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Saturday, 16 December 2017

Turkey 2007: Future looking rosy

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Since its resurgence in 2005, the Turkish lira bond market has occupied a dominant position within the niche currency arena. Levels of issuance continue to be encouraging, and liquidity is growing as more and more participants look to get involved. With no dark clouds on the horizon, this situation looks set to continue, as Philip Wright reports.

The Turkish lira’s appeal to bond investors remains undiminished. Offering among the highest nominal and real rates of return around (two-year interest rates are in the 18.25% region and inflation is running at 10%), its allure is simple to understand.

The risk/reward profile is therefore attractively skewed towards taking on the currency risk, as the amount the currency would have to fall to wipe out coupon payments in the case of a hiccup is reassuringly great, said David Smith, executive director, emerging markets trading at JPMorgan.

JPM is one of a number of houses committing renewed resources to the whole non-core currency sector. And the growing involvement by underwriting hopefuls is mirrored, and in no small respect inspired, by the strong interest from the buy side, as the Turkish lira makes up around 10% of indices in the sector.

“It is a case of not being able to afford not to be involved,” said Smith, pointing out that a lack of exposure at a time when the market was performing well would have a drag effect on the performance of any portfolio.

And the market is performing strongly, with 2007 volumes set to outstrip the previous year and maybe even rival 2005, the year that currency rebalancing saw an influx of new money into lira-denominated bonds. That initial impetus saw some €4.5bn-equivalent of paper priced, though issuance dried up somewhat in the second half of the year after a lightning start.

This was followed by around €3.5bn in 2006 as rates dropped to around the mid 12% area, having been a good 2.5% higher in the prior year. And 2007 is also significant, the first quarter already having thrown up some €2bn-equivalent of new bonds. Seeing rates back up around 18% has done nothing to detract from the currency's appeal. (See the article on the politico-economic outlook in this report.)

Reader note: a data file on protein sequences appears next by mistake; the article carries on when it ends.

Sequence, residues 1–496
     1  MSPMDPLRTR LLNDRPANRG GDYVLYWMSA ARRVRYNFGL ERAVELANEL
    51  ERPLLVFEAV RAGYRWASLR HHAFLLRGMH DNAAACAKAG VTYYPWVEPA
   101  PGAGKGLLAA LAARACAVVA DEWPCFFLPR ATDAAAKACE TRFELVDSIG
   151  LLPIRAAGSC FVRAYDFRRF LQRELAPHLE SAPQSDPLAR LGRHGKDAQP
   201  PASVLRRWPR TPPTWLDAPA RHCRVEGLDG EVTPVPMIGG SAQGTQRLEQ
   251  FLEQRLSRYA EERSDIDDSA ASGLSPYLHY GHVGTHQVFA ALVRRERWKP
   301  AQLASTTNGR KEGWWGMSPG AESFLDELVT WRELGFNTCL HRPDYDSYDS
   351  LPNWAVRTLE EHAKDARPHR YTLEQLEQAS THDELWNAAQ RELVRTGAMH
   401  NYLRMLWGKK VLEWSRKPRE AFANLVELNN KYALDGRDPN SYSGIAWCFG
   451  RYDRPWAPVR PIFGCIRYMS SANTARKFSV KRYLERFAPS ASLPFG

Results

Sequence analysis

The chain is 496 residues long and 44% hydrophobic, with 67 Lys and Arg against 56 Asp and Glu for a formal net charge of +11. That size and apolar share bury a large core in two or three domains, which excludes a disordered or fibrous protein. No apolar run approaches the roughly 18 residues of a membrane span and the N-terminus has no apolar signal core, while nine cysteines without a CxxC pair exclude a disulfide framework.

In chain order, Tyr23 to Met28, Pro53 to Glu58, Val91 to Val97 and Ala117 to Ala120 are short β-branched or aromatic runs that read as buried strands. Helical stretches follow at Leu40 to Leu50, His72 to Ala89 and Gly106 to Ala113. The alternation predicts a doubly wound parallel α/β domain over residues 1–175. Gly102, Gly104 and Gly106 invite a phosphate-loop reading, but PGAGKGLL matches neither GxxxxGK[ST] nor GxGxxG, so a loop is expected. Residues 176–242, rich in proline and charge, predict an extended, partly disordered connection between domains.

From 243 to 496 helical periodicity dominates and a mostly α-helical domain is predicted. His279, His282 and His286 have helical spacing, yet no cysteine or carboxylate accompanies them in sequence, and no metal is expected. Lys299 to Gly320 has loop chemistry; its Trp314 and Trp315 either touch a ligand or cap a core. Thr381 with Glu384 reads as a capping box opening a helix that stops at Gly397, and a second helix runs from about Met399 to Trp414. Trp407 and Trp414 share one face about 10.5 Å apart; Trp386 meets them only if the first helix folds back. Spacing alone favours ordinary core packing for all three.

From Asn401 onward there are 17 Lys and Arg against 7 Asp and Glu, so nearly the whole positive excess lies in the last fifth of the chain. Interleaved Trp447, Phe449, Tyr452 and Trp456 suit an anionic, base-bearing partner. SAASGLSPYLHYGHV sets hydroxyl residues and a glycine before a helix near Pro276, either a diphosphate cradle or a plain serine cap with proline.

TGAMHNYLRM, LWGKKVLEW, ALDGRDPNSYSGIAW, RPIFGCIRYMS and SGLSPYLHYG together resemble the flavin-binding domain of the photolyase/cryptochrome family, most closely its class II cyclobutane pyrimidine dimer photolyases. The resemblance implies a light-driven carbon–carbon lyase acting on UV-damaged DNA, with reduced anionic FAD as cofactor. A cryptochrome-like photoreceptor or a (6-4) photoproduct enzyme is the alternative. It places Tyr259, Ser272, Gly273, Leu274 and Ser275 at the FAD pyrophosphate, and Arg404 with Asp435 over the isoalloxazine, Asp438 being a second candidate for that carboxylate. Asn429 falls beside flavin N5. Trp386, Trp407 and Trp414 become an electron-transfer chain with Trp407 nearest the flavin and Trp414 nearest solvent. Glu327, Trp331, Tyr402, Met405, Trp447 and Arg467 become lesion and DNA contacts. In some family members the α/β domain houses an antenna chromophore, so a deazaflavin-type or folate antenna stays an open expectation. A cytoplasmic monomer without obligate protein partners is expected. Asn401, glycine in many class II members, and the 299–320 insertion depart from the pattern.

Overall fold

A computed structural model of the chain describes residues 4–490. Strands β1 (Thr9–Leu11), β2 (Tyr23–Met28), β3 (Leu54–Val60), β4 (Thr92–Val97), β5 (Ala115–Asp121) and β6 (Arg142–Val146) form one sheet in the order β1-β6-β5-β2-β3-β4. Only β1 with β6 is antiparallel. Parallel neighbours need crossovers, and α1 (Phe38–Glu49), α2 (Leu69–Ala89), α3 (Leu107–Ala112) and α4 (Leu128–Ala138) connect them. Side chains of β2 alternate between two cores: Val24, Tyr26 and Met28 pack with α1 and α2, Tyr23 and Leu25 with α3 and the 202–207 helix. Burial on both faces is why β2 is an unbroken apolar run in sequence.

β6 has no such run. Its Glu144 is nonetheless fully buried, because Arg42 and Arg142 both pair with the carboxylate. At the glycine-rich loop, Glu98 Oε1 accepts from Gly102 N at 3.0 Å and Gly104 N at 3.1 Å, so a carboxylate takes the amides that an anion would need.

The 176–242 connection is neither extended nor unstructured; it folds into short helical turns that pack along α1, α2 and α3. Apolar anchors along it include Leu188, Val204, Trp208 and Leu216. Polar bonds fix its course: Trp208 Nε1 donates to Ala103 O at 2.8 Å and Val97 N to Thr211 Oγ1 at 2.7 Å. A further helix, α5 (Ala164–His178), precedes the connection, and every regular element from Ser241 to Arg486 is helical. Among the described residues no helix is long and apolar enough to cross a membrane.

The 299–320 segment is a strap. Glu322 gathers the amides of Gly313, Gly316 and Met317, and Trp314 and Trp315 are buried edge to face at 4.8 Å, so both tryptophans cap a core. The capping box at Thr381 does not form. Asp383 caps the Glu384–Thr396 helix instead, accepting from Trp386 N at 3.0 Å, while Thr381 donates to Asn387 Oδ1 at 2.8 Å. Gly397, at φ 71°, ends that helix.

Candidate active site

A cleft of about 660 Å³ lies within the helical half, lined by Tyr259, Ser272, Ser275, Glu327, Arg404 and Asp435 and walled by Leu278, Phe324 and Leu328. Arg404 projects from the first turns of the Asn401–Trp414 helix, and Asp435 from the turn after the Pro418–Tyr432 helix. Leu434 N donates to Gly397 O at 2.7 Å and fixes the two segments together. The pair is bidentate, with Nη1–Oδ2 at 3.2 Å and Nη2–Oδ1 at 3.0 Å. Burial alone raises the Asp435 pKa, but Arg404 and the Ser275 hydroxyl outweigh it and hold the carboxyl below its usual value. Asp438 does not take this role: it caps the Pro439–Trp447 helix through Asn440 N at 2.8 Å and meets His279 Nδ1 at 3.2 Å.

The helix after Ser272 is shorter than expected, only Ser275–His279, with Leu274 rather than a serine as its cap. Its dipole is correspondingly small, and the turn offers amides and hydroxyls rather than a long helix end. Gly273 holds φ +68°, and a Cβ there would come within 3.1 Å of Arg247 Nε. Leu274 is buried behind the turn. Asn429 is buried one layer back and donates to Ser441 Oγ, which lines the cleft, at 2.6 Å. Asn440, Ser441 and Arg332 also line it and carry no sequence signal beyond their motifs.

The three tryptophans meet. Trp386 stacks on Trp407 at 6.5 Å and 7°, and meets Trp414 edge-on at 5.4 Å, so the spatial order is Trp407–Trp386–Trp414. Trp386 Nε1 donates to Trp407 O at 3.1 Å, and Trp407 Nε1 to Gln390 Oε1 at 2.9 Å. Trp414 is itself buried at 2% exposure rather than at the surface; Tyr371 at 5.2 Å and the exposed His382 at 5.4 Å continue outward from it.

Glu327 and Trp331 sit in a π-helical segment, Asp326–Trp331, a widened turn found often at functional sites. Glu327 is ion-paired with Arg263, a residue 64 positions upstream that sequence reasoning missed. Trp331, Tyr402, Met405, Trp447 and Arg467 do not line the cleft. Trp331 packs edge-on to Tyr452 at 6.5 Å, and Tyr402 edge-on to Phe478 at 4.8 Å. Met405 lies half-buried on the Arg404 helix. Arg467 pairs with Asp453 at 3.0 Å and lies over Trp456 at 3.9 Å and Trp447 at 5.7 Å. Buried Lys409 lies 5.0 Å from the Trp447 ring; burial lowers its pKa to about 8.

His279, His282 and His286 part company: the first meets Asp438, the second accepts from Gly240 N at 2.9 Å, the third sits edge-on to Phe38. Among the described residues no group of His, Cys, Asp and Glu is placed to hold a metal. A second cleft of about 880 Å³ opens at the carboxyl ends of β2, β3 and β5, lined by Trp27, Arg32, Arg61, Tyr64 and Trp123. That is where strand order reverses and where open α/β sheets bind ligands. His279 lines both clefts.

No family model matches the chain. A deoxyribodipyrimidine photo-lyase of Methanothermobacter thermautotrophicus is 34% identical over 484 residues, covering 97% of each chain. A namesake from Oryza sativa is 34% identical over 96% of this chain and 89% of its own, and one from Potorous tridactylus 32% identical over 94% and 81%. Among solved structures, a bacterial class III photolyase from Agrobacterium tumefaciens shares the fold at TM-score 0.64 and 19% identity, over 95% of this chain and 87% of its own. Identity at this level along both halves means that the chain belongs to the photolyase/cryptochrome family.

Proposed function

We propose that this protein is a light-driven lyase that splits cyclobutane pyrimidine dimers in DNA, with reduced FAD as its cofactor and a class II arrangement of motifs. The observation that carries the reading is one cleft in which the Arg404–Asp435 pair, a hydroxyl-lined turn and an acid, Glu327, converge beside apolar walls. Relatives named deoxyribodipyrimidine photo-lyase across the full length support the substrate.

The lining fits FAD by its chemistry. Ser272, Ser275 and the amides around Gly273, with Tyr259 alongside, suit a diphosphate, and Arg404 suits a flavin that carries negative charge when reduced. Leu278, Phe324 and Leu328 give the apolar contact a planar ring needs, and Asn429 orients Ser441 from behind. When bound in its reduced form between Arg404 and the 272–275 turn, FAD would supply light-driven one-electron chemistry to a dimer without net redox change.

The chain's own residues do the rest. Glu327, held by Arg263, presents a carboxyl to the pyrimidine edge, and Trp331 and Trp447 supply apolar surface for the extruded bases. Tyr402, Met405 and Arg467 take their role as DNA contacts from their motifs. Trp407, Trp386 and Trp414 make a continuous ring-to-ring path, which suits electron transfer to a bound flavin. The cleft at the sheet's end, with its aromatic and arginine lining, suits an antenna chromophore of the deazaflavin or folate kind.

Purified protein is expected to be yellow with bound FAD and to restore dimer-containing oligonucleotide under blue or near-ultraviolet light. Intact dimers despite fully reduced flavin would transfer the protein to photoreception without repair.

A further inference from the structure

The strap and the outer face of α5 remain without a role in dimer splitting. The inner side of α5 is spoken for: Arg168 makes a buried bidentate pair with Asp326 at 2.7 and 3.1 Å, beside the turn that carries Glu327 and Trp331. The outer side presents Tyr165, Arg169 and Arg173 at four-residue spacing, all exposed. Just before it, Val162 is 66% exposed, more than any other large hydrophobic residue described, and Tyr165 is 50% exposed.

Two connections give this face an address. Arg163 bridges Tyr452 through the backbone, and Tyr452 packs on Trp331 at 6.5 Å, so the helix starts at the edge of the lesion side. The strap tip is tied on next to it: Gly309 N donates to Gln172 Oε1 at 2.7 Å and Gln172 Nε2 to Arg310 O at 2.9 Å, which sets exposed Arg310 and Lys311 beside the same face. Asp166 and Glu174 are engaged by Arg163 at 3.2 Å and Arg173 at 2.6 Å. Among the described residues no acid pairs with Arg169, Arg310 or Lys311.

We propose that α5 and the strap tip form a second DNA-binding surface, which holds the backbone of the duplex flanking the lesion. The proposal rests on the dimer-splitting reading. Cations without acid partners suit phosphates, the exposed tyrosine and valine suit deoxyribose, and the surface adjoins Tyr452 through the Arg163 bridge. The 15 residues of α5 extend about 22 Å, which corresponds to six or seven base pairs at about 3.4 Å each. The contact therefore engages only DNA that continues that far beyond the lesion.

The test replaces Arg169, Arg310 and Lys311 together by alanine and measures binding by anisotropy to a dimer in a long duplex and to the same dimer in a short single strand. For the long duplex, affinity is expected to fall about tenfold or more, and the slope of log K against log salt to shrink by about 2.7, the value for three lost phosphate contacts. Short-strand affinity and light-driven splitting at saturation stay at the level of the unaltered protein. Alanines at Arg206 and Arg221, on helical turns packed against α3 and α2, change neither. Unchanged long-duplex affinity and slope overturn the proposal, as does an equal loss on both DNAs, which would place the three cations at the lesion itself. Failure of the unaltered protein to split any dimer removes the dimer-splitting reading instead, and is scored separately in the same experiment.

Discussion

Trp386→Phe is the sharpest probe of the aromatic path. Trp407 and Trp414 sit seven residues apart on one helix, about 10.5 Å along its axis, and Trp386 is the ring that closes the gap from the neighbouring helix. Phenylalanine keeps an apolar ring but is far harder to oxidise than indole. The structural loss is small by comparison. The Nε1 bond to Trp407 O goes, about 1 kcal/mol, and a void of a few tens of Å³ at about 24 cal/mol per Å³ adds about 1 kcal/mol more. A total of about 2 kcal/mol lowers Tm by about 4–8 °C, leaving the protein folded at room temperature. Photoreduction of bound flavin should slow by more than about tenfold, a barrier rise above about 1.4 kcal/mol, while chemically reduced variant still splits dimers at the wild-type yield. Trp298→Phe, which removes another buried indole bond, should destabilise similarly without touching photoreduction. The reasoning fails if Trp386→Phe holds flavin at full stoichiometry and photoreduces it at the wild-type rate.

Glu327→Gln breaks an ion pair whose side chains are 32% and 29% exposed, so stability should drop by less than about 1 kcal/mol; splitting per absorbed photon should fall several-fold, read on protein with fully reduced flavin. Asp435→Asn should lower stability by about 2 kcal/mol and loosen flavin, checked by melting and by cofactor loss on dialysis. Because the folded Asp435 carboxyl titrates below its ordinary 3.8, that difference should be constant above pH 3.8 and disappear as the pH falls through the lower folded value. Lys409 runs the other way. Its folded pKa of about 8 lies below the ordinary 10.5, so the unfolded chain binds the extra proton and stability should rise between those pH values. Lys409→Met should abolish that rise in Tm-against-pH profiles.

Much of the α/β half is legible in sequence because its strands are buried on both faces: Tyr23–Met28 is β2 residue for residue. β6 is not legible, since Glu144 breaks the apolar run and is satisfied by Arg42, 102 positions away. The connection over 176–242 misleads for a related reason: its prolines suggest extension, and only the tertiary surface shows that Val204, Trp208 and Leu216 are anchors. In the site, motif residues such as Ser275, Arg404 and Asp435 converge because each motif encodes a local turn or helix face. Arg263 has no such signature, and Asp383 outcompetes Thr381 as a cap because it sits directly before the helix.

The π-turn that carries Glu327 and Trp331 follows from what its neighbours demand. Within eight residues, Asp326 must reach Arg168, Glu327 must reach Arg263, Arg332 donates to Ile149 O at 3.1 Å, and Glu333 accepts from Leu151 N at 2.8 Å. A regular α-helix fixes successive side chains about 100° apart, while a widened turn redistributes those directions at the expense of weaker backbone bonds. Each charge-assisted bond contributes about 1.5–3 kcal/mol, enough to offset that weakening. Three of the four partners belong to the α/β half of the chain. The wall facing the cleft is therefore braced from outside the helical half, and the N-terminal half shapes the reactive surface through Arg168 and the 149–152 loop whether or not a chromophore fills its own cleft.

Although the euro convergence story waxes and wanes, there is little else to rival the TL in this arena. Many of the other EU hopeful countries’ interest rates tend more towards eurozone than emerging market levels, allowing the TL to continue to occupy the top spot. As Moti Jungreis, managing director and global head of currency trading and fixed income at Turkish lira champions TD Securities said: “The new Turkish lira is . . . the Turkish lira.”

As by far the largest niche market currency around, the TL is increasingly used as a single-market bet, a proxy for the entire sector. That explains the number of new players – both issuers and underwriters – gravitating towards a market that is growing in maturity.

The result is a virtuous circle, where bid-offer quotes on swaps are now half the 50bp-odd they were in 2005 and the maturities available are double the length. The yield curve has extended out to 10 years with 15 years firmly in the market's sights, and the additional participants have been beneficial for liquidity, with the volumes now available far greater than at any time in the past.

A case in point was January’s ABN AMRO/Banca Profilo-led long two-year deal for the EIB, which, at TL1bn, easily surpassed anything witnessed previously. Although the payment date was timed to coincide with an EIB redemption of similar size, that issue had only reached those heady heights by virtue of numerous taps.

As is invariably the case in most markets, investor sentiment is the over-riding factor in determining performance. Such is the current state of affairs, that any negative news would likely be perceived as a buying opportunity, the market continuing to demonstrate great resilience.

“That is unless there is a series of shocks,” said JPMorgan’s Smith. “Then all bets are off.”

Add to this the fact that the product suite available will likely expand with the advent of covered bonds as domestic banks look to offset their mortgage liabilities, and the future looks rosy. (But see the article in this report on the new Mortgage Law.)

The situation is summed up by Michael Gower, director of treasury at Rabobank, itself no stranger to the currency, as follows: “It’s the proxy, it offers good value, people can settle it and they’re used to it."

And unless there is a major Turkey-specific shock, the TL looks set to maintain its dominant position in this particular market niche for some time.

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